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  • "A blind man is a dead man," was how they put it, and I had to make excuses to Sher Afzul and instruct Sergeant Hudson to give the trooper a punishment drill.


  • He couldn't risk using his radio to call Julie now, for that would make even a blind man suspicious.

    Behold the Stars

  • Schopenhauer says, in one of those recently-found Annotations of his which are so characteristic and so acute, “that which is called 'mathematical certainty' is the cane of a blind man without a dog, or equilibrium in darkness.”

    Life of Robert Browning

  • This shows a mountain-top crowned with laurel where Apollo, surrounded by the Muses, his divine daughters, plays on the lyre; Homer sings, and about the inspired blind man is gathered his ideal family: Virgil leading Dante, Petrarch conversing below with Anacreon, Alcæus, and the wonderful Sappho.

    The Catholic Encyclopedia, Volume 12: Philip II-Reuss

  • The blind man twisted a square of newsprint up into a cone and then dipped with a riddly spoon into the pot and filled the cone with wet peanuts.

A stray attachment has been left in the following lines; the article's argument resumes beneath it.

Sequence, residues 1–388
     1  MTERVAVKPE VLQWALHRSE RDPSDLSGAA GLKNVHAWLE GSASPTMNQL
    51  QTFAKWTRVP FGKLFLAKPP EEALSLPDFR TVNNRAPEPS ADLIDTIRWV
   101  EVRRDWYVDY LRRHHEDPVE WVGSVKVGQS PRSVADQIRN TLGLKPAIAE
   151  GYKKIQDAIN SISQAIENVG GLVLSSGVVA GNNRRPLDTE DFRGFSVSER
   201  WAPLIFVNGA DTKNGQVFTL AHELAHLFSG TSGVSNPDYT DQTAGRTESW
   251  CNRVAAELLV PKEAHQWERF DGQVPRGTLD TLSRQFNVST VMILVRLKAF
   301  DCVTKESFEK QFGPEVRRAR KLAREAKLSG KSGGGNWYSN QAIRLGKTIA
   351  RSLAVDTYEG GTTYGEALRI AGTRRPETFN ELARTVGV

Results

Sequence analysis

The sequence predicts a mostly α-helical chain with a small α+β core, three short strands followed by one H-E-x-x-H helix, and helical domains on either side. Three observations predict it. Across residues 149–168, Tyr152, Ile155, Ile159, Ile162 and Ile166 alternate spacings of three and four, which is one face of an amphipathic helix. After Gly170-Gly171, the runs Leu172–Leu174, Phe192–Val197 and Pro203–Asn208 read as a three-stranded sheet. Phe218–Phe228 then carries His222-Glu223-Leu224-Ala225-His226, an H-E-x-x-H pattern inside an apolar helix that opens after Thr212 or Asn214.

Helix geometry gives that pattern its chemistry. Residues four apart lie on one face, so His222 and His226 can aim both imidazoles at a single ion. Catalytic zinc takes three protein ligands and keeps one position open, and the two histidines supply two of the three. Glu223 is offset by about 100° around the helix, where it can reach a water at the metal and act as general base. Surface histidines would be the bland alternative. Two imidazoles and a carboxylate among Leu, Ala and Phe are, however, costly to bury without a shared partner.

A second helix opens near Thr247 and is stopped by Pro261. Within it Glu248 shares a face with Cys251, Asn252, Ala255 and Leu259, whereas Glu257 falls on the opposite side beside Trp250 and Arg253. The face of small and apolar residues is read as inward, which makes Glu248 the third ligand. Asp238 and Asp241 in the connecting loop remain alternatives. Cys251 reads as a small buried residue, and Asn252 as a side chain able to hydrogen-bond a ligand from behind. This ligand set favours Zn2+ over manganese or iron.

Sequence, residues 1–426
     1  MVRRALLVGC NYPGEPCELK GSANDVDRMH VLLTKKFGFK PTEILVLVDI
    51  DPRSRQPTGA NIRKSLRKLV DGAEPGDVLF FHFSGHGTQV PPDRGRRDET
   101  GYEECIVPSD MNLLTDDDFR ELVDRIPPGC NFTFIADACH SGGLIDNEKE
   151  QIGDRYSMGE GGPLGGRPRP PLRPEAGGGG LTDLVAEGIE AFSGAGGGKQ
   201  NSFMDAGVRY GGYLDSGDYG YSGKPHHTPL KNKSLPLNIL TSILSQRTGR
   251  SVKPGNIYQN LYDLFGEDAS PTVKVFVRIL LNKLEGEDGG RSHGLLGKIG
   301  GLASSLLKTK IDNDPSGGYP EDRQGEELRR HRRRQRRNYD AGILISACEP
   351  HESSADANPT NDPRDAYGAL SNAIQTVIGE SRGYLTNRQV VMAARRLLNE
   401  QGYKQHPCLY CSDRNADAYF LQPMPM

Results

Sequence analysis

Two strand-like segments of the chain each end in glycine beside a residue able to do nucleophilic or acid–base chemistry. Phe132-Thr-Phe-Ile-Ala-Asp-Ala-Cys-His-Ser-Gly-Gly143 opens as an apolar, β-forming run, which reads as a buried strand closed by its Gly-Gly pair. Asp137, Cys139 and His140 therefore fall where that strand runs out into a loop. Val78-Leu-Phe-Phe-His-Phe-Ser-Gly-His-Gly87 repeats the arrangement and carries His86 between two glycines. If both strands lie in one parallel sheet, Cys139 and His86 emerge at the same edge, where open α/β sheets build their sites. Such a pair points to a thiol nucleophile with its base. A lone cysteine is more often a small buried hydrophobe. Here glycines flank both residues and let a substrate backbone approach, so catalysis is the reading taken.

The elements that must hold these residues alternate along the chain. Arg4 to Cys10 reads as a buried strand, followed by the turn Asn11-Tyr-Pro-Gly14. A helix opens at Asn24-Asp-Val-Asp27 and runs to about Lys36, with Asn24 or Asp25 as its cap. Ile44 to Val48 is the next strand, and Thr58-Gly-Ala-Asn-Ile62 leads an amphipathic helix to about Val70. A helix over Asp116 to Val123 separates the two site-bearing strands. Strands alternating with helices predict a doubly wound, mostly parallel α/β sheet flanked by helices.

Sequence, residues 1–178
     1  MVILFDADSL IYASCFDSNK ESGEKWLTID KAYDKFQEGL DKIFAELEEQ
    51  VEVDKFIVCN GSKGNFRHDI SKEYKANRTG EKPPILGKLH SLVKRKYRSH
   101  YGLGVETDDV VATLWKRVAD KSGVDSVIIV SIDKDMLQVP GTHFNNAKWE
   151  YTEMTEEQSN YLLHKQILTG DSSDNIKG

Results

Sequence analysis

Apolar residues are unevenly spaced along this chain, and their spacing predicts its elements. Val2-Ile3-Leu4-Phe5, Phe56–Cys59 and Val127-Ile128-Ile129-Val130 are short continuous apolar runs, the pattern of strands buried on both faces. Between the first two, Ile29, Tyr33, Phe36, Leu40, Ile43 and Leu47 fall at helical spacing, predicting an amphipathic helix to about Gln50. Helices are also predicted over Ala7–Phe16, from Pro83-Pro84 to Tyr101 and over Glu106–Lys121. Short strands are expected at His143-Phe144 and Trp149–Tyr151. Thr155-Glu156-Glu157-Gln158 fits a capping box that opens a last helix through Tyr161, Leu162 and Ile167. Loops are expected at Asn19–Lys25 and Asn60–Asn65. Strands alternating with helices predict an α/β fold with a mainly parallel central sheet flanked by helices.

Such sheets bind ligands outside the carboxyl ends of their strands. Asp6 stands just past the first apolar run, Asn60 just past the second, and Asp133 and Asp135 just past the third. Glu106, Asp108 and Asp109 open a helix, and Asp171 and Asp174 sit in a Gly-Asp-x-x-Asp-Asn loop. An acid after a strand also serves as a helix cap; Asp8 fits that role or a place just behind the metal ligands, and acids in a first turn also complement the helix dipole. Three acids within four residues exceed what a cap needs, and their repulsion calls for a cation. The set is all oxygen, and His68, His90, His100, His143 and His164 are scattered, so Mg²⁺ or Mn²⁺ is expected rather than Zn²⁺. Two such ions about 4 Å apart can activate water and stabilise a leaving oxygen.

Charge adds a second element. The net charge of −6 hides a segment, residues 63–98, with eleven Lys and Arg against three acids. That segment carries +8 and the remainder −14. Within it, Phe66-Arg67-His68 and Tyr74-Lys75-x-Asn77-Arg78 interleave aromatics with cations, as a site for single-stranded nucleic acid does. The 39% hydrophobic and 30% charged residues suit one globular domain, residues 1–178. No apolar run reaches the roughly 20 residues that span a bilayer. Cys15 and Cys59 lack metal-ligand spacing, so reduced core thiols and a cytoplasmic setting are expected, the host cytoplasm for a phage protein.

Cold Mountain

  • When the blind man had his fire going and his peanuts boiling, Inman put his plate on the window-sill and went outside and with the shuffling step of an old man crossed the lawn to the road.

    Cold Mountain

  • In ancient times the poor blind man could only grope his way to some street corner, or the steps of some temple, and beg for alms in the name of Esculapius; depending for his bread entirely upon the charities of the people, which his helpless condition seldom failed to elicit.

    Journal of the House of Representatives of the State of Mississippi, December Session of 1862, and November Session of 1863

  • The blind man was square and solid in shoulder and hip, and his britches were cinched at the waist with a great leather belt, wide as a razor strop.

    Cold Mountain

  • Be it remembered, as we read, that this letter was not addressed to one of the greatest names in literature, but to a petulant and often peevish scholar, living of necessity in great retirement, whose name is never once mentioned by Clarendon, and about whom the voluminous Thurloe, who must have seen him hundreds of times, has nothing to say except that he was “a blind man who wrote Latin letters.”

    Andrew Marvell

  • The blind man stood where I had guided him, a little below me in the trough of the holy hoofprint, his face looking to the earth.

    The Bull From The Sea


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